Solar-Water Heating Systems: A Win-Win

Solar-Water Heating Systems: A Win-Win

solarAs non-renewable energy becomes scarcer and more expensive, the sustainability-minded of us are increasingly looking to clean, renewable sources to meet our needs. Harnessing the energy of the sun to provide hot water for domestic purposes is one prime example.

Installing a solar-water heating system has many benefits. Most significantly, you’re embracing a source of renewable energy: If the sun’s shining, you’re heating your water supply, with none of the environmental problems associated with the burning of fossil fuels. In a world assaulted by greenhouse-gas emissions from a host of sources, any single person’s decision to reduce their reliance on non-renewable energy makes a difference. Beyond the environmental benefits of using a solar-water heating system, you also could be saving a fair amount of money – a boon we’ll consider shortly.

First, though, let’s explore a little background on solar-water heating. The basic premise of using solar energy to heat water for domestic use is an old one; modern technology aims to make the process more efficient by maximizing heat absorption while minimizing heat loss.

Solar-water heating systems come in two general configurations: active and passive. Active solar-water heating systems employ pumps to move water and heating fluids between solar collectors and the home; passive systems are pump-free. Active solar-water heating setups may be direct circulation systems – in which water is pumped from the solar collectors to the home – or indirect, in which an intermediary heat-transfer fluid runs through the collectors and then heats water bound for the home supply. The antifreeze properties of the heat-transfer fluid make indirect circulation systems practical for colder climates.

There are also two different kinds of passive solar water heating systems, which tend to be less expensive and longer-lasting than their active counterparts, but typically not as effective. An integral collector-storage passive system uses dark absorber tubing or tanks within an insulated structure, and stores heated water as part of its mechanism. A thermosyphon system situates the solar collector underneath the storage tank, allowing heated water to rise up into the reservoir as the colder water settles.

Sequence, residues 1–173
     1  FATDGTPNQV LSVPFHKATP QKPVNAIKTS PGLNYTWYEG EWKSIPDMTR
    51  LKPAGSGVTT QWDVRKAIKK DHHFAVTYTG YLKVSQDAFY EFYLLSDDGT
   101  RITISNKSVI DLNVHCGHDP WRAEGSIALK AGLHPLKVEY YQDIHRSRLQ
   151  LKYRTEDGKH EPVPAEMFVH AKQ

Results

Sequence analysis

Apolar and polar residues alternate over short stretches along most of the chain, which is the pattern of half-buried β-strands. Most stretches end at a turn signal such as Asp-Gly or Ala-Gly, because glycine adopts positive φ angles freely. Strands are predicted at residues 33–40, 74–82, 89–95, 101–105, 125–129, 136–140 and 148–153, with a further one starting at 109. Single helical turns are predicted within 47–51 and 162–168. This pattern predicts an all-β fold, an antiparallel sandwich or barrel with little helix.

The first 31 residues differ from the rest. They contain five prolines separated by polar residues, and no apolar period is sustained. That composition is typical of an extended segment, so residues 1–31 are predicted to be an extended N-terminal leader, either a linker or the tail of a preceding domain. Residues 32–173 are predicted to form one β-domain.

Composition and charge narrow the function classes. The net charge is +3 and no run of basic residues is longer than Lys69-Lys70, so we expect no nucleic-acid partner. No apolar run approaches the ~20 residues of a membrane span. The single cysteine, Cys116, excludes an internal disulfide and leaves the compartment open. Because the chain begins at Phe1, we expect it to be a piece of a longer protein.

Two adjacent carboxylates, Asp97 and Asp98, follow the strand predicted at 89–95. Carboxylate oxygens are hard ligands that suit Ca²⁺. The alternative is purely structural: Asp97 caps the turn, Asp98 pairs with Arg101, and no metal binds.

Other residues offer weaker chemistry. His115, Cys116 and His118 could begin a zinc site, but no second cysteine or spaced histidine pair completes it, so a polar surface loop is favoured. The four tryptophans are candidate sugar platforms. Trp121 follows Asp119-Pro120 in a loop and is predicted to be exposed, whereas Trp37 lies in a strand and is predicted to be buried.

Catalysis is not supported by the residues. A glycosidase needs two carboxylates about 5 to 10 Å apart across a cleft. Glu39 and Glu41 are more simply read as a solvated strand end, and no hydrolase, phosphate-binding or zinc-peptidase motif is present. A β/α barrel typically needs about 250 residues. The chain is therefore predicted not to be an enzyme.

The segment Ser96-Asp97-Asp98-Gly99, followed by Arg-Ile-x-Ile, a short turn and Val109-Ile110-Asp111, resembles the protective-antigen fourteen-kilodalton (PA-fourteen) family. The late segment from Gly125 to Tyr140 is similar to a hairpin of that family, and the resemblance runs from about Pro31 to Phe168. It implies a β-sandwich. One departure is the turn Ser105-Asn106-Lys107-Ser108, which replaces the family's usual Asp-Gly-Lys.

How about the solar collectors themselves—those all-important parts of the system that capture the sun’s energy in the first place? For residential water heaters, there are three basic kinds: flat-plate, evacuated-tube, and integral collector-storage system collectors. Basically, they all involve some dark-colored absorber housed in an insulating setup, often with glass or polymer coverings that concentrate light energy and shield against heat loss.

Now—back to the money-saving aspect. While the cost to install a solar-water heating system is typically more than for a traditional one, the savings taken over time can be significant. Depending on where you live, you may receive federal and state financial incentives as well as tax credits for installing and using a solar-water heating system, and also benefit from rebates offered by utility companies. If you sell your home, its value may be notably enhanced by a solar-water heating system.

You’ll typically reap the benefits of substantially reduced water-heating bills—often by as much as 80 percent, the U.S. Department of Energy reports—by relying partly or entirely on a solar system. Living “off-the-grid” can bring peace-of-mind and major savings: Drawing your energy from the sun, you’re no longer bedeviled by the price jumps and supply shortages that characterize the fossil-fuel industry.

Your pocketbook – and the biosphere – will thank you for your decision to go solar!

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Natasha Risinger is a retired school teacher on a fixed income. She is always looking for ways to save money and enjoys sharing her findings with others by blogging on various websites. For lots more ways to save on your utility bills, visit texaselectricityproviders.